I would like to batch remove id3v1 tags from mp3's stored on a network drive. I have a mixture of FLAC/MP4/MP3 files, some 15K music files in total. It is not practical more me to load then entire 15K library into mp3tag, and then subsequently filter out the mp3's.
The networked drive is mapped to macos via SMB.
Is it possible to open a top-level networked music folder, and have mp3tag only load the mp3's that contain id3v1 tags?
You can use the search feature in windows for only files with the extension mp3. Select all (Ctrl-A) then right click these and open with mp3tag. You will then have only a list of all mp3 based files open.
But as these are on a network drive, expect it to take longer to action than if they were on a local drive.
I have yet to find a way to search for *.mp3 (or any extension based search) on a mapped network drive in macOS. The network drive is mapped to macOS via SMB (it's a Synology NAS, with SMB file service).
I think my library is large enough, that I'd like to only find and load mp3's with id3v1 tags??
A solution at minimum needs to filter mp3's at the operating system level, yes. However, if the library is large enough, then loading say 10,000 MP3's all at once may not be practical, and that's why I was asking of the possibility of only loading mp3's into mp3tag that contain any id3v1 tags?
And for that purpose each file has to be opened and then someone has to decide whether the current file contains id3V1 tags or not.
I am afraid there is no way around loading all the files - or finding an OS way to get a filtered list.
On macos 12.3.1, I've found that you can search a mapped network share (or any folder, indexed or not, local or on the network) with the spotlight search query "kind:mp3".
From within Mp3tag, if I do File->Open, with search parameter of "kind:mp3" on the mapped network SMB share, then Activity Monitor goes to 100% on both "Mp3tag", and "com.apple.appkit.xpc.openAndSavePanelService (Mp3tag)", and just stalls (I let it run for about 10 minutes, and then just cancelled).
In macos finder doing the same "kind:mp3" search yields ~5K results, takes about a minute to run, but doesn't stall like Mp3tag is doing. I also haven't been able to successfully drag/drop the finder's found mp3 list into mp3tag. For whatever reason, selecting all of the found files from within finder, and right-clicking, I'm not able to select the typical "Services"->"Open in Mp3tag". The context menu to launch Mp3tag from the file selection is just not available.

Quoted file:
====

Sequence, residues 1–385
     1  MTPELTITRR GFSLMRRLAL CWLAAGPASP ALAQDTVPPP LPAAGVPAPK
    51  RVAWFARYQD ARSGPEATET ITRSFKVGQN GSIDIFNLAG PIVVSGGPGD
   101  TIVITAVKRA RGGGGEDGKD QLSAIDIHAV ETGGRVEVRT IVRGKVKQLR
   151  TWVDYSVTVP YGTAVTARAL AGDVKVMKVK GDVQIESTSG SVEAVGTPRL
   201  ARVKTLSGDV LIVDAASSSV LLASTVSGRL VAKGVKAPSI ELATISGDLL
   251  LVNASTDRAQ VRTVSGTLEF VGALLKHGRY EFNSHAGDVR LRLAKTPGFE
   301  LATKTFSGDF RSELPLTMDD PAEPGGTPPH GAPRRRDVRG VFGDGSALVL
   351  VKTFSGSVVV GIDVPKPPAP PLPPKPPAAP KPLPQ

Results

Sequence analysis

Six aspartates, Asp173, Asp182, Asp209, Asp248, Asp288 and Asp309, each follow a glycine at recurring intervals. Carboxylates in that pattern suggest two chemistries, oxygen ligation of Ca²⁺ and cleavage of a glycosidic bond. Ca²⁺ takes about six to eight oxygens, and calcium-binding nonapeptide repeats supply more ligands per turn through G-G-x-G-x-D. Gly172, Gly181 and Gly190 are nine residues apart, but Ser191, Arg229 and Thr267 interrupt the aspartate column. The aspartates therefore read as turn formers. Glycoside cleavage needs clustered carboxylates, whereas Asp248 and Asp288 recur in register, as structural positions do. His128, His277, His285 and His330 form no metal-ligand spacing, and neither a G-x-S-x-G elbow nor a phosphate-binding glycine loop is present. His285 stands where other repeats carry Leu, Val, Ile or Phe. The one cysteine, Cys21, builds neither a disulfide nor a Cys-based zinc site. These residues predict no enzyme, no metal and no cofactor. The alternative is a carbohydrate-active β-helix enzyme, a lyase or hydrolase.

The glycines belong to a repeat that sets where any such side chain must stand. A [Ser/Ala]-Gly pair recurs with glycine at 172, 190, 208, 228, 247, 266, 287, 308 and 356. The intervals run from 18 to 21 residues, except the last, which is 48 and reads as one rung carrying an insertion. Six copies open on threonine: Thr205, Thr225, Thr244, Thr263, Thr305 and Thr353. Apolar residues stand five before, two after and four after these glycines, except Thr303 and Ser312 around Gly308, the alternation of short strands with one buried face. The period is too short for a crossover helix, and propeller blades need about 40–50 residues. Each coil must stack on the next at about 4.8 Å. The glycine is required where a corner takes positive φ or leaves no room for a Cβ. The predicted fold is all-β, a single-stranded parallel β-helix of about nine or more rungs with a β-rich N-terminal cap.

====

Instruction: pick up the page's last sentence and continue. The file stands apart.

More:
On a local drive with Windows, my library of 24k+ files takes about 2 minutes to scan and open the first time. But with the library function in mp3tag enabled, this is shortened to just a few seconds now. Again with a network drive this could add to these times.
Once you have them all open in mp3tag, you can simply apply a filter and look for the %_extension% mp3.
There are some differences, based on the OS capabilities and functions. I know the new MacOS version was built from the ground up, and thus became a paid-for app. As can be expected, there will be some limitations with one version versus the other.
The documented available features are already found here.
Ended up doing the suggested Cmd-O in Mp3tag, selecting top level SMB networked/mapped folder containing all music files, waiting about 10 minutes for the ~15K files to load (very slow even over 1 Gbps network to NAS), filtering out the ID3v1 tagged files with %_tag% HAS “id3v1”, and doing a Cmd-X, Cmd-V (Cut/Paste) on all filtered MP3’s. The Mp3tag options/preferences need to be set so that ID3v1/ID3v2 are both read, but only ID3v2 are written. Finally have all ID3v1 tags removed from MP3’s!
I think that this is a fairly normal speed. Divide 1Gbps by 10 to get the number of Bytes per second (under ideal conditions) and then set that number in relation to the number of bytes in the files and you have an idea how long it will take.
Accessing a network drive is the second slowest approach for most, slower is only the access to cloud services over the internet.
Yet, the library was introduced maninly for the Windows version to overcome memory limitations when loading large libraries. I doubt that a Mac has those shortcomings as the Mac version most likely is no 32-bit application - as @MotleyG said: MP3tag for Mac is all new.
In this particular case I doubt that a Windows version would have loaded the files much quicker.
If you set the options to only read and delete V1 and switch all other options for tags off, then you can simply cut the tags with Cmd-X. Then you don't need Cmd-V. You have to re-read the tags, though, once you have reset the tag options to the preferred handling (probably: read for V1&V2, Write V2UTF-16, Delete V1,APE,V2).